Swiftboating the Robbinsdale schools


In every levy election, there are “vote yes” campaigns and “vote no” campaigns. Unfortunately, an odious “vote no” organizer has resurfaced to run another Minnesota campaign.

Well-known levy buster Paul Dorr has served notice he will bring his campaign of disinformation to swiftboat the Robbinsdale Area School District’s levy attempt.

Dorr, an anti-abortion activist from Ocheyedan, Iowa, is well known in levy campaign circles. He has vowed to end public education using any means necessary. He claims to have organized the defeat of more than 20 levy elections in Iowa, South Dakota and Minnesota, including recent campaigns in the Lyle, Orono, Blooming Prairie and Howard Lake-Waverly districts. His smear campaigns include twisted facts and innuendo. When he leaves town, he leaves underfunded schools and a divided and bruised community.

Dorr has a pattern to his campaigns. He is hired by a local voter, drawing a fee of between $5,000 and $15,000, which is well below what he spends on the campaign.

He arrives about four weeks before Election Day. Dorr’s first move is to tie up the school administration by asking for many hard-to-find public documents, including contracts with employees, architects, financial advisors and administrators. He also requests current and past budgets, budget projections, enrollment data and information about facilities, among other documents.

He then publishes a newsletter in which he twists facts about the district and takes information out of context. This is mailed to every voter in the district, usually about four days before Election Day so inexperienced pro-levy campaign volunteers can’t respond.

He also employs a smear campaign. He will imply that district officials accepted bribes. He will question whether school employees are involved in the campaign. He will hire questionable experts to challenge pro-levy data. He once famously accused an Iowa judge of bestiality.

He will air television ads featuring his children while implying they are district students.

He will join public meetings promoted by the local “vote no” organization in which he will hide misinformation by starting a statement with “I’m not saying this is happening here, but …”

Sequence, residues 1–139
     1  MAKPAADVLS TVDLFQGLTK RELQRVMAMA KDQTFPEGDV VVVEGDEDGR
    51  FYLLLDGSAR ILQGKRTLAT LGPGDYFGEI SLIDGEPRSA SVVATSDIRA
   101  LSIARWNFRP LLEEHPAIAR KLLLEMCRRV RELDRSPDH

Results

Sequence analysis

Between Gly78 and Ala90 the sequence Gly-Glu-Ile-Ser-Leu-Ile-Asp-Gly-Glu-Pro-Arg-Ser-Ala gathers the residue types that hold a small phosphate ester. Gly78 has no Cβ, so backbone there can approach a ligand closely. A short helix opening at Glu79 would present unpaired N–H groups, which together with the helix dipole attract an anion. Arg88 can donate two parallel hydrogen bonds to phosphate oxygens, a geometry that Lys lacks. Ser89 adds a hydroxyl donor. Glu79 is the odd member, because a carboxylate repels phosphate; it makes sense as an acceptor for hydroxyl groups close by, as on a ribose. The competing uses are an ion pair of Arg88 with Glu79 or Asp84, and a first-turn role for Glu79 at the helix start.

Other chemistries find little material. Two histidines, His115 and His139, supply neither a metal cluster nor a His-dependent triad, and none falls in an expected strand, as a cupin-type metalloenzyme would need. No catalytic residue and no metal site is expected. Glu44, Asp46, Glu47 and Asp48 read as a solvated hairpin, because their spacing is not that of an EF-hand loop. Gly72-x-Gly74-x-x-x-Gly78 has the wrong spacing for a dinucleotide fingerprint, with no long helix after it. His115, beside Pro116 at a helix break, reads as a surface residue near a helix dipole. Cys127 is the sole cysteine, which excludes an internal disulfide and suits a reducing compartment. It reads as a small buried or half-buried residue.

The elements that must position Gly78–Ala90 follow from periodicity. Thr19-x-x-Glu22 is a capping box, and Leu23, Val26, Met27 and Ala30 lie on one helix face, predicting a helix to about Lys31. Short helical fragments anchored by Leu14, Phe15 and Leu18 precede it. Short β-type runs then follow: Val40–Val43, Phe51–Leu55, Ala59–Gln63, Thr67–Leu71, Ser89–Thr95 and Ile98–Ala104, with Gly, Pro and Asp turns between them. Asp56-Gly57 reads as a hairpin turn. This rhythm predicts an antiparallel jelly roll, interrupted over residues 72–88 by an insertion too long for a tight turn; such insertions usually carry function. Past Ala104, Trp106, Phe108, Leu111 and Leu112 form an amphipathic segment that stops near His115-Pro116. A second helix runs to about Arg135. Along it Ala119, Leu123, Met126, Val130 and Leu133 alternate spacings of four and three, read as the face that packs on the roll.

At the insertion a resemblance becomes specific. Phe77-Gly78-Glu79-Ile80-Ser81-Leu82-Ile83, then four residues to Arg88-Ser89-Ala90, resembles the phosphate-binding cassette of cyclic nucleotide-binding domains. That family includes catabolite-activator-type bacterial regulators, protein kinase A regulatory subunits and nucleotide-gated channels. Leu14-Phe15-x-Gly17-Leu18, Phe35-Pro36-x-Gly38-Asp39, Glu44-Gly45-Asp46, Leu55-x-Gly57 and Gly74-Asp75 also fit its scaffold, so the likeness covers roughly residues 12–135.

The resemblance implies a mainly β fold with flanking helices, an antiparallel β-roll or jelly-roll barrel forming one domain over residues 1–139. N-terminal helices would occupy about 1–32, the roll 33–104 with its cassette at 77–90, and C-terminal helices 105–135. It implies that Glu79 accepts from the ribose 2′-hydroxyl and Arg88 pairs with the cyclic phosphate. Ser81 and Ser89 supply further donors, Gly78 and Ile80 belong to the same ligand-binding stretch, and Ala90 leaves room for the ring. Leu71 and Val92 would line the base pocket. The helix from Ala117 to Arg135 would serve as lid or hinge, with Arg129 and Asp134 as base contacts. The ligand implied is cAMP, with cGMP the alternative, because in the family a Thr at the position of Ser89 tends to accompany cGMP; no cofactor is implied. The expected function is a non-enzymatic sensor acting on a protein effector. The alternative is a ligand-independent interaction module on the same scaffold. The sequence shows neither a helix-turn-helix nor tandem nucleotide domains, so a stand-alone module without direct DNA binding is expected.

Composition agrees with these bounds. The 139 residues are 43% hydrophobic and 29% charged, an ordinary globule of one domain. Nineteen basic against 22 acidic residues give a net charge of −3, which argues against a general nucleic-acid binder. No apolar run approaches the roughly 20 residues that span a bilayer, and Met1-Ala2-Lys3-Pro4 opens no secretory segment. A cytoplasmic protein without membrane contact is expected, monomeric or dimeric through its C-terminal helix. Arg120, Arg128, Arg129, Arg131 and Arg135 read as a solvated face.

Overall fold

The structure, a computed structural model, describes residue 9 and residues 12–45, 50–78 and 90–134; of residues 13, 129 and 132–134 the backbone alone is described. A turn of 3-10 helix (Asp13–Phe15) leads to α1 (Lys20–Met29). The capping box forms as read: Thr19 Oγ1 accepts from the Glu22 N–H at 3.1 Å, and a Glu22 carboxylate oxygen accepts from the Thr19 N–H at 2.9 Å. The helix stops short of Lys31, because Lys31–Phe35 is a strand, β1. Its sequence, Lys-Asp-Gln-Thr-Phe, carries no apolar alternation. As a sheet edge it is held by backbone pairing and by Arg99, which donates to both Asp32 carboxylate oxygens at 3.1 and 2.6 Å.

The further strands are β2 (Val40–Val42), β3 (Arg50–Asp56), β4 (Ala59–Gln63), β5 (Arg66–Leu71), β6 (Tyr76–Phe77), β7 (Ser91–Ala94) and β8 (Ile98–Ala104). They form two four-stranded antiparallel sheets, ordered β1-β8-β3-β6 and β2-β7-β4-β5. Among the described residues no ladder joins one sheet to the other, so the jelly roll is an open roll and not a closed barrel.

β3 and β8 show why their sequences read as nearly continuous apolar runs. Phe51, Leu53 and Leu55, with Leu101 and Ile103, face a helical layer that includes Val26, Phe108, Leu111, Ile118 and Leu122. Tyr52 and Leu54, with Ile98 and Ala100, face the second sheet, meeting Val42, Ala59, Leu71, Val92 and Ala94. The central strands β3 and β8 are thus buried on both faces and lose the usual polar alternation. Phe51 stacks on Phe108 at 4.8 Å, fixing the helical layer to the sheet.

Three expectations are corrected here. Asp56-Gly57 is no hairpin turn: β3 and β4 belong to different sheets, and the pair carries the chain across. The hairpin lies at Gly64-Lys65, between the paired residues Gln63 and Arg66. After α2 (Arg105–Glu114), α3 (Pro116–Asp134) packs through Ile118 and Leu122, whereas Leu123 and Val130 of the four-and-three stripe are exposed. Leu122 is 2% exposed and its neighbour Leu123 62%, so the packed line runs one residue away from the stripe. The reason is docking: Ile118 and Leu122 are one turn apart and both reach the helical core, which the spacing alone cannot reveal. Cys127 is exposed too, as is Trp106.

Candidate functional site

He will question every absentee ballot and question election judges’ relationship with school officials.

Those who have undergone a Dorr campaign say his ugliest tactic is to polarize the district. His disinformation campaign inflames those who already distrust schools, making the vote not about the levy but about schools themselves. After a Dorr campaign, divisions that existed in the community before the election widen, leaving resentment and raw emotions. In most communities, these feelings are slow to heal.

This is what Robbinsdale voters can anticipate. The first move has been made: On Sept. 26, Superintendent Stan Mack was handed several faxed pages from Dorr’s company, Copperhead Consulting Services, asking for a large number of documents.

Mack was prepared. “I’ve studied him for years and know what he’s done in other districts,” he said.

He informed school board members of Dorr’s information request. Campaign officials met the next day and began planning their strategy. They are mum on the details but say the three campaign co-chairs will focus on Dorr’s activities while volunteers continue to promote the levy.

“We’ve organized an honest, truthful campaign. We have nothing to hide in this district. We won’t change our activities,” said School Board chair Patsy Green

Robbinsdale is asking to increase the operating levy by $624 for a total of $1,472 per student. The levy would start in 2008 and run for 10 years.

Green said the levy campaign ran two informal polls in March and September. Both showed support from about 60 percent of voters who already knew about the levy.

Dorr’s involvement changes that.

“To me, any lead has evaporated. He gets the ‘no’ voters out. We have to get more ‘yes’ voters to the polls,” she said.

Mack and Green don’t know who hired Dorr to campaign in Robbinsdale. An anti-levy ad in a local weekly newspaper included a phone number. Calls to that number were not answered.

“I was concerned before (about passing the levy),” Green said. “Now I have a greater concern. I’m just concerned that someone in the district wanted to bring someone like this in.”